Following our early morning, final commute from Oakhurst, California to a damp and misty Yosemite Valley, Mel and I park the car at the massive, main parking area near Yosemite Village, make an ill planned walk through very long, wet grass and mercifully find and board the free shuttle bus at Stop 12 which delivers us to Stop 16 at the Happy Isles Nature Center. The Mist Trail begins on the other side of a short walk across the stone bridge over the rushing and very beautiful Merced River. Note: This trailhead is also the beginning of the John Muir Trail. Some documentation can be confusing.
A sobering notice, on a post at the trailhead, tells of an attractive young man and woman who were taken over the precipice of Vernal Fall in July. Sadly, their bodies have not yet been recovered. We are here in mid-September. It has been a bad year for serious injury and fatality in Yosemite National Park.
My photographs are timed and positioned to give the appearance of quiet tranquility. In reality, this busy trail is arguably the most popular trail in the park. Today , it is predictably very crowded. The Mist Trail is initially through forest and huge boulders on paved trail next to the rushing Merced River on our right.
We hike 0.8 miles (1.3 KM) then cross the Vernal Fall Bridge over the Merced River. It is a beautiful place with water, facilities and a tantalizing view of Vernal Fall, a significant distance upstream. Mount Broderick 6,706 ft (2,044 m) and Liberty Cap 7,076 ft (2,157 m) loom large above the approach to Vernal Fall.
We continue uphill, pass the junction of the Mist Trail with the John Muir Trail, on the south side of Merced River where trail was once paved but is now returning to its natural state. The John Muir Trail continues south for 212 miles (339.2 KM) to end at the summit of Mount Whitney.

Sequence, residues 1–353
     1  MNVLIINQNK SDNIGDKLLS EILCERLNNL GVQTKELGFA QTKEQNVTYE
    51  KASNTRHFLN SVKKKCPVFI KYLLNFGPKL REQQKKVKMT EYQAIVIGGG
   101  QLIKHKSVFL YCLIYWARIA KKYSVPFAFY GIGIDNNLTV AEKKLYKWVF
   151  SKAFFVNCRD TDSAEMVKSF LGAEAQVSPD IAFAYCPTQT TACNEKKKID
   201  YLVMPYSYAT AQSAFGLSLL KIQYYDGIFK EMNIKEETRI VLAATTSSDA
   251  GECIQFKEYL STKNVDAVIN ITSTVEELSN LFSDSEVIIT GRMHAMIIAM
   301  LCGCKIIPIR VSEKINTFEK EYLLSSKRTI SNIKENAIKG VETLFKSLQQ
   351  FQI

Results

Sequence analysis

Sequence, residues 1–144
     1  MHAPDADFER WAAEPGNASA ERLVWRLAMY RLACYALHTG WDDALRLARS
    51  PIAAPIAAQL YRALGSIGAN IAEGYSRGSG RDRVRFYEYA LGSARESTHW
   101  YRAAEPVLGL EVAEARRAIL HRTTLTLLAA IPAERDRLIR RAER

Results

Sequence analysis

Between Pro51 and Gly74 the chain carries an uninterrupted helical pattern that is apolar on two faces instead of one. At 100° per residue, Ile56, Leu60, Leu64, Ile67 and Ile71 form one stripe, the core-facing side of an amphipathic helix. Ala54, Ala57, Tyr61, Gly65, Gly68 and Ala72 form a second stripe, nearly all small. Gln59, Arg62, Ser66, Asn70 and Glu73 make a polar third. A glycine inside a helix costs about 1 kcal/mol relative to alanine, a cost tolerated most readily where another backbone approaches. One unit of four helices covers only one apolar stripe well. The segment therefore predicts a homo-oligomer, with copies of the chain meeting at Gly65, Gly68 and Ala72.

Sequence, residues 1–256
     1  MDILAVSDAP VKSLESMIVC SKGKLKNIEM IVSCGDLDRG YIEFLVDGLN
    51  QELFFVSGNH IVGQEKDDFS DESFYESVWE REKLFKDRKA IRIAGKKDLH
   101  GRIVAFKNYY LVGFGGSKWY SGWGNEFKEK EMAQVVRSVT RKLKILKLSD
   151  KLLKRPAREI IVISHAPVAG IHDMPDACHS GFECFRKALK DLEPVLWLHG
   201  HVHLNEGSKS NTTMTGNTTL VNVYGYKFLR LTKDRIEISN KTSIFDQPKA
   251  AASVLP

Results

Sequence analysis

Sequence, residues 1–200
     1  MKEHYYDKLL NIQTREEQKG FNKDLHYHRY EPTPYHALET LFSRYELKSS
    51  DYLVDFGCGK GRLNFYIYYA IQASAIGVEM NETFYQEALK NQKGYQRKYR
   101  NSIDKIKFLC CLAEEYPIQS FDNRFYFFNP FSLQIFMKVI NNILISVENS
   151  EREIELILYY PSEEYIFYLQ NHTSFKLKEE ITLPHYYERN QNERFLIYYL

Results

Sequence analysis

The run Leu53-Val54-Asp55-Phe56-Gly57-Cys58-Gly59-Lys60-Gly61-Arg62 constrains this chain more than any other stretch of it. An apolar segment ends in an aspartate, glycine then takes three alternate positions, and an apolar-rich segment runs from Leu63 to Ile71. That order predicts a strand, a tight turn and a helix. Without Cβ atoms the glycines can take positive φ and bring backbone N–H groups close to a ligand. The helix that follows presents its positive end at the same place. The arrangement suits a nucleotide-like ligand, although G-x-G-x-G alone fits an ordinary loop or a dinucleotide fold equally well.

The Mist Trail continues up a series of steep and irregular granite steps rendered wet and slippery by mist from the 80 ft (24.4 m) wide Vernal Fall plunging 307 ft (93.6 m) onto enormous boulders at the bottom where rainbows dance in the sun. The dense mist also nurtures vertical gardens and large patches of moss on rock walls. The musty, natural odour is intoxicating, fresh and pungent. Earlier in the summer, rain gear would be mandatory to avoid getting soaked. In mid-September, waterfall flow generates enough mist to get us wet and photography with a clear lens is a challenging achievement.
The final approach to the brink of Vernal Fall is via a steep, narrow, slippery, fenced corridor against the granite rock face, up and onto large granite slabs that taper down to the top of Vernal Fall. There are warning signs and a protective railing at the top of the waterfall.
There is time to relax and take refreshment in the sun while stretched out on the granite slab. It is crowded. The round trip hike to Vernal Fall is 3 miles (4.8 KM) with challenging elevation gain of 1,000 ft (305 m) on slippery, uneven steps. Mel and I will continue up to the top of Nevada Falls. While we relax here and enjoy the sound of rushing water, the amazing views and the whisper of the breeze through trees, my mind wanders and I cannot help but ponder the lives of young people lost and not yet recovered. I know nothing of the specific circumstances. In July, the water volume over this Vernal Fall step in the ‘Giant Staircase’ of Merced Canyon would likely have been at least twice what it is today.
The rocks in the basin above the abyss would have been covered with water. The surface would have been deceptively calm, camouflaging the powerful current beneath. The hot day and tired feet would have made it tempting to disregard the warnings and enjoy a refreshing dip in the cold, chameleon water. The water-worn, smooth, slippery granite would provide nothing to grab. In one moment of joyful abandon, followed by brief terror, there can be no recovery. It is a seemingly innocuous decision with potentially catastrophic consequence. The tragedy was likely swift and certain. We, who follow, are reminded to learn and stay safe. My heart goes out to their friends and families. I know what it is to live on the edge. Personally, I would have it no other way. There, but for the grace of God, go I. It is an incredibly beautiful place.
To return to Yosemite Valley from Vernal Fall, it is wise to avoid hiking down the wet granite steps used for ascent. It is easier to climb up something than it is to climb down. The potential for injury will be reduced by hiking a short distance further east past Emerald Pool to turn right from the Mist Trail onto the Clark Trail and right again onto the John Muir Trail for return via the Vernal Fall Bridge to the Mist Trailhead in Yosemite Valley near Shuttle Bus Stop # 16. Mel and I will hike from Vernal Fall to the top of Nevada Fall, 1.5 miles (2.4 KM) and 900 vertical ft (274 m) above Vernal Fall.